The original Jongmyo was built in 1394. Like everything else in Korea, it was destroyed by the Japanese.
The Jongmyo we see today is a reconstruction from 1601. It serves as a shrine dedicated to performance of the ancestral rites for the kings and queens of the Joseon Dynasty.
During the Joseon Dynasty, entrance to Jongmyo was restricted only to those who were there to pay formal homage to the royal ancestry. It was expected that visitors to the shrine, even kings, dismount from their horses before entering. I’ve heard there is a sign from the era reminding visitors to do this but I don’t remember seeing it.
The trail leading to the shrine is known as the “spirit path,” or Samdo (lit: “three paths”). It is paved with stone in such a way that it forms three tiers, or three distinct paths (hence its name). The eastern path (oedo) is for the king to walk, the western path (sejado) is for the prince, and the middle tier (sindo), higher than either of the other two, is for the spirits to walk. Visitors can walk on the eastern or western side but are not permitted to walk on the central path.
The funny thing about that is that there are signs all up and down the path saying visitors cannot walk on the sacred path for the spirits, but we saw the groundskeepers driving golf carts all over it.
The trail wraps around a small pond, called Jungjidang. At the center is a juniper tree. The only explanation we were given for the significance of this was that the tree represents the sky, and the retaining wall represents the earth.
We followed the path through the rest of the beautiful grounds, passing through a series of smaller gates and courtyards, their significance lost on me. I know some of them are storerooms for the incense and food used in the ancestral rituals that are still performed.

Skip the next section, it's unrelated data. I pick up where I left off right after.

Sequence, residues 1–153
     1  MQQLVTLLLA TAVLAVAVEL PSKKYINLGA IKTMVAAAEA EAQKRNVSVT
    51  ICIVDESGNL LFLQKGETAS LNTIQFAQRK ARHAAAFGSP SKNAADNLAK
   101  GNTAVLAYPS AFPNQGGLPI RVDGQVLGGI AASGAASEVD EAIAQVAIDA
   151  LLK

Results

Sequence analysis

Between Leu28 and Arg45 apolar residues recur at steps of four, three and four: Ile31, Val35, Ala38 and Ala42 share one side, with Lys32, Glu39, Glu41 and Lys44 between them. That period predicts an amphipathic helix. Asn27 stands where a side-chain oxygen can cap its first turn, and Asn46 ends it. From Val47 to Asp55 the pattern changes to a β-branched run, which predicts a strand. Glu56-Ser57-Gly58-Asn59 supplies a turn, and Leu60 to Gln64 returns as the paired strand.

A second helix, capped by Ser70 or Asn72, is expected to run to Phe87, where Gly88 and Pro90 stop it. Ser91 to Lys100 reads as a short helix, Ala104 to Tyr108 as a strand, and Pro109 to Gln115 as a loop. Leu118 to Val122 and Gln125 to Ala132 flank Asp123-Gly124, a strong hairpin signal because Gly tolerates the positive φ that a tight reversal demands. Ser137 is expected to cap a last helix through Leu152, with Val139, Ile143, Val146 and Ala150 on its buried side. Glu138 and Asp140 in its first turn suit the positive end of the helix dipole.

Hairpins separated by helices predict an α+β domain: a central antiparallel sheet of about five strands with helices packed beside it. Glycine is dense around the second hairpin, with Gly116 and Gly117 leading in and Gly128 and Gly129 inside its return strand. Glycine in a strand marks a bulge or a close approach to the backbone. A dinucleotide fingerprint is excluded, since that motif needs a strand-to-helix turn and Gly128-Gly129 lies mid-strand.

One such courtyard contained a cauldron. Our guide said it had some significance but neither of us remember what it was. Google searching for “Jongmyo cauldron” come up empty, so I might have to go digging through the pamphlets and stuff.
Korea was a Confucian nation while under the Joseon Dynasty. Confucianism holds that for common folk, upon one’s death body and soul are separated, with the soul ascending to the heavens and the body returning to the earth. Royalty don’t follow the same rules though– their bodies return to the earth, but their souls are enshrined in Jongmyo.
The shrine itself is the longest traditionally-constructed building in Korea. It appears in the past visitors were allowed to go right up to the doors; not so anymore. You can see the “do not enter” sign at the top of the stairs in the picture above.
Of some confusion to me was that we saw paths that looked like the spirit paths criss-crossing the entire grounds, but technically the only “sacred” one was the one that connects the main entrance to the shrine itself. All the auxiliary paths are fair game for being tread upon.
I went off in search of beautiful things to take pictures of. It didn’t take me long to find one.
Throughout the courtyard (and I noticed this at other sites too) there would be large rings bolted to the ground. I don’t know what these are for but I like to imagine they are for tethering man-eating tigers, weather balloons, and colossi.